Courtesy of Connecticut College Sports Information
NEW LONDON, Conn. - For the fourth year in a row, the Connecticut College men's ice hockey team is raising awareness about the "Green Dot" program, a campus initiative to prevent power-based personal violence through bystander intervention.
The Green Dot Hockey Game will be hosted by the Camels this Saturday, Feb. 7, when the team hosts Tufts University for a 7 p.m. game in Dayton Arena.
Connecticut College began implementing the Green Dot program in 2010. Through Green Dot, students, faculty and staff are trained to help prevent power-based personal violence, including sexual violence, domestic violence, dating violence and stalking.
To raise awareness of the program and the importance of bystander intervention, players will use Green Dot Gear. A Green Dot logo has been placed in the ice, and spectators who have completed the Green Dot training are being asked to wear their Green Dot t-shirts to Saturday night's game. During the game, fans will also have the opportunity to purchase pucks for a "Chuck a Puck" fundraiser that will benefit the Green Dot program.
Will Leedy, a senior from Farmers Branch, Texas, is looking forward to Saturday night's game and raising awareness about the Green Dot program. "This is one of my favorite games of the year," Leedy said. "It's a game we as a team can easily get excited about because not only are we playing this game for a great cause, but the support we receive during the game is second to none. The team has been talking about this game since the beginning of the season. This is truly a special night for our team because we get to support and raise awareness about a great program in the Green Dot. It is a special privilege to wear our Green Dot jerseys and something we look forward to and supporting as best we can."
Darcie Folsom, director of sexual violence prevention and advocacy at Connecticut College, is looking forward to Saturday night's game as well.
"It is hard to believe this is the fourth annual Green Dot Hockey Game," Folsom said. "The commitment of the team has been extraordinary from day one, and I am always amazed at the dedication of not only the hockey team, but our Green Dot grads, and our campus community when it comes to supporting the Green Dot initiative. This game has been a true testament to the fact that we can change culture; we've seen it happen since we started implementing the Green Dot Bystander Intervention Program in the fall of 2010 and was strengthened when the men's ice hockey team took on such a huge role by starting the Green Dot Hockey Game in February 2012. I'm so proud to be watching many of these guys who played in the first Green Dot Game their freshman year now playing in their last one. Their excitement for this game is palpable; from their initiative, a huge wave of support has come from Athletics including Green Dot games hosted by the women's lacrosse team, men's soccer team and the volleyball team. It is hard not to be inspired by the students on this campus as they make a difference in our community, one Green Dot at a time."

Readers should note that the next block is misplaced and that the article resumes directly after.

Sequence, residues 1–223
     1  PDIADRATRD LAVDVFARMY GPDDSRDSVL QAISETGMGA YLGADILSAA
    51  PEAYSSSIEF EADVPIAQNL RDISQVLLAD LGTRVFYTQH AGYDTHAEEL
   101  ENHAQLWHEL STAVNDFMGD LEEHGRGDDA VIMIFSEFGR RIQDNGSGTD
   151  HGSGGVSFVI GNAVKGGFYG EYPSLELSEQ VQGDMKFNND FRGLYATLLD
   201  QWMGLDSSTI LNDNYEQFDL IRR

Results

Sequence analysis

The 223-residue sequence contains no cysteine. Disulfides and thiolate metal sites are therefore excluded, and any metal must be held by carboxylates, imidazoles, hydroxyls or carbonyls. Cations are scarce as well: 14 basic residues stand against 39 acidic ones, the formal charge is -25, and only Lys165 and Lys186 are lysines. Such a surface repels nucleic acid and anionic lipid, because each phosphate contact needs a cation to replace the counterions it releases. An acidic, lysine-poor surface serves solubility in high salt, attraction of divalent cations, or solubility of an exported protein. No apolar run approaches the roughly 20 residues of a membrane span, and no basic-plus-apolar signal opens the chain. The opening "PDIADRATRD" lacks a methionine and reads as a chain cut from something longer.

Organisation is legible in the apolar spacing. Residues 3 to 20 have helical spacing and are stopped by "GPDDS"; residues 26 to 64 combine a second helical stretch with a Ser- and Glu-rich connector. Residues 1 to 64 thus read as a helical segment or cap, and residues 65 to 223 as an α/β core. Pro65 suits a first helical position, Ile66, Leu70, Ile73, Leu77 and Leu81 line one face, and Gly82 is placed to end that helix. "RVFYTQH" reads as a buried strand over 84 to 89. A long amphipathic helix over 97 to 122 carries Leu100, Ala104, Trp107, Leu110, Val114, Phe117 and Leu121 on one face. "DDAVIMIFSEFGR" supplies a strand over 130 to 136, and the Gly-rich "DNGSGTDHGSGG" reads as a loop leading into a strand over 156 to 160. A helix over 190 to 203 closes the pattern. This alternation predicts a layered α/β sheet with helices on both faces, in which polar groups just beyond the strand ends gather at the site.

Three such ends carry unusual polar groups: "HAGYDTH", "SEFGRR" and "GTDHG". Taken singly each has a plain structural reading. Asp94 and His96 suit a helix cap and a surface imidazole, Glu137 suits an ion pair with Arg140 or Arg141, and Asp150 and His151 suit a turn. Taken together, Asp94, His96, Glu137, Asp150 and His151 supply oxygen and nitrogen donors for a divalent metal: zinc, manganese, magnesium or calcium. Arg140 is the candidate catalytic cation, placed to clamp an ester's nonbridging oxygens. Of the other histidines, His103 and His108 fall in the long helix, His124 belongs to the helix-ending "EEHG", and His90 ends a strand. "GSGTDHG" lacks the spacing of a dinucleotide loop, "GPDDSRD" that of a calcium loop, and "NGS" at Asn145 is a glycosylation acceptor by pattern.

The Green Dot program is part of the College's broader Think S.A.F.E. Project that Folsom manages. Originally developed and funded in 2010 through a three-year, $300,000 grant from the U.S. Department of Justice's Office on Violence Against Women, the Think S.A.F.E. Project addresses sexual assault, dating violence and stalking by integrating prevention and response training and education into the campus culture, building a community coalition and enhancing victim services. When the three-year Department of Justice grant work was completed in 2013, the College took on this important commitment with support from College funds, and named Folsom to her current position.